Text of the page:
Wiltshire Festival of Engineering and Manufacturing (WFEM)

playmaker-planningThe year 6 had a fabulous session at (WFEM) today. Before we left, we started the morning with the planning for our bronze level PlayMaker award. The practical is this coming Friday when the Yr6 will organise a PE session for some of Clover class. There will be three groups and they have each organised a 45min PE session! Look out for Friday’s post!

The session at the WFEM was simply amazing. The children were handed cotton bags as they entered so they could collect of freebies from the interactive stands. There were stickers, erasers, torches, pens and pencils, fuzzies, competition sweets… the list was endless. There were robots to control, a Mars Rover, bathbombs to make, soldering irons to make torches with (very popular with our boys), radar systems to influence, wind energy, renewable energy, satellite models and animations, race tracks, computer simulations… and much more. To find out about the festival, look here: http://festivalofengineering.com/

Here are a few of the pictures from today (more will follow as the other pictures are collected)…


Weeks 1-3 in Orchid class.

It has been another busy start to the term!

In week 1, we had our entry point for our new IPC topic: Weather and Climate. The children were challenged to save some scientists on Halley IV in Antarctica – so we were preparing our route and finding out facts about the continent. Here is one of our presentations:


On the Thursday, we spent all day doing the Sport Leaders UK PlayMakers award – a PE based award for primary school children. We will receive our certificates soon.

week-2-letter-writingOn the Wednesday, we had a mystery Skype with our new pen pals! We had to ask yes/no questions and find out where they were based. It has to be said that our pen pals asked better questions than us! We eventually discovered that the clever questioners were from Brownhills West Primary School in Walsall! In week 2, we wrote our letters to them for our Big Write.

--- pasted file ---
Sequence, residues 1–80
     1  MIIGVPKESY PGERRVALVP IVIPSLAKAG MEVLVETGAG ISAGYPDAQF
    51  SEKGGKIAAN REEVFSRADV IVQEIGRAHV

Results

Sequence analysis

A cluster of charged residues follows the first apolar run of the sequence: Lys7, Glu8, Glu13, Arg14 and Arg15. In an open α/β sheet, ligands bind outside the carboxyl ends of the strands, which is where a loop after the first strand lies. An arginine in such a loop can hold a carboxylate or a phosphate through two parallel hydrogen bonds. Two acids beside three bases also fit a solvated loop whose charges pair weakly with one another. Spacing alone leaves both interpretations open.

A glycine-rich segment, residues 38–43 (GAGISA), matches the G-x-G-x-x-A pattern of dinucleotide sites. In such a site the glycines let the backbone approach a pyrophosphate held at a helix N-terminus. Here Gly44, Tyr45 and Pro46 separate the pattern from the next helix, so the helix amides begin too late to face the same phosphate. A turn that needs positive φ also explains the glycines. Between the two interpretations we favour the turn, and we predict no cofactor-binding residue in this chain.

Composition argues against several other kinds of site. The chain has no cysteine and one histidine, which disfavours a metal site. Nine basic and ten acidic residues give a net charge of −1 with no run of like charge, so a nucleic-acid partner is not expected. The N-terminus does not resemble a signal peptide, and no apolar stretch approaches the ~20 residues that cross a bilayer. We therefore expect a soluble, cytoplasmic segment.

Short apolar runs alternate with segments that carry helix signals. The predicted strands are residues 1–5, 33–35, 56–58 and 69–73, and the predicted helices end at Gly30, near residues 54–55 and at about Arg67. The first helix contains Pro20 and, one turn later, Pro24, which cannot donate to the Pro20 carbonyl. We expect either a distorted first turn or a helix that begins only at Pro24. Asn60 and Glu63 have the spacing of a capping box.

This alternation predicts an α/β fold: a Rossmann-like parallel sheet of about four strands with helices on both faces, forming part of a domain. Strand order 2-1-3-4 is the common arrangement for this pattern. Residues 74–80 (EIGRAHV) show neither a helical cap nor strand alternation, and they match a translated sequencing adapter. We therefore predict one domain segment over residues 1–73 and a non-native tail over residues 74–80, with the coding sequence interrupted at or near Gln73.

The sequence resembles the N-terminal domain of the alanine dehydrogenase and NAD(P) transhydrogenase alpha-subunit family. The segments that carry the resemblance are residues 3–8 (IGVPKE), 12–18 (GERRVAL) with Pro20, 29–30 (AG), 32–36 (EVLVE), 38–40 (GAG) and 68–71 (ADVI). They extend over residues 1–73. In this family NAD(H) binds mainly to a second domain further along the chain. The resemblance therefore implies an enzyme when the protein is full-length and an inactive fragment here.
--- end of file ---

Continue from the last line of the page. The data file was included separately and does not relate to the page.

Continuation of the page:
week-1-andrew-visit-photoOn the Friday, we had a visitor, Andrew, who had visited Antarctica for a couple of weeks. The children were fascinated with what happens to the waste the scientists and visitors produced! He showed us lots of pictures of fossilised trees and fossil clam shells – an indication that Antarctica was once a tropical.

Week 3: On Monday we had Emma Hodgkins from The Helen Hodgkins Trust come and talk to us about her charity that raises money for water filters to be delivered to remote villages in Ghana. As Ghana is our class country, we are going to be raising awareness and funds this year http://www.helenhodgkinstrust.org/ . We practiced balancing buckets on our heads:

water-buckets-1 water-buckets-2


We also had the NSPCC come and take an assembly, with a couple of workshops coming over the next few weeks. Week 3 was also Science week and we had so much fun with the science portables from @Bristol and the Explorer Dome that came. Other classes had the space session in the dome, but we had a fun packed session on forces, which took us from under the surface of the oceans to deep space  in rocket. A few of us felt a little space sick as we twisted and turned!



It has been sooo busy!

On Friday we had a class session on TTRockstars: the best part was when the whole class was playing in the one arena and competing against each other – the noise of the countdown to play was unbelievable!

This coming week is no quieter- the year 6 are off to the Wiltshire Festival of Engineering on Wednesday!


Tropical Storms

1)Tropical storms are called different names in different parts of the world.

2)In America they are called hurricanes.

3)Between Africa and Australia they are called typhoons.

4)In Asia they  are called cyclones.            

5)A tropical storm bring heavy rain falls strong winds,mud slides and floods.

6)Tropical storms are given names alphabetically.


Homework Supercells.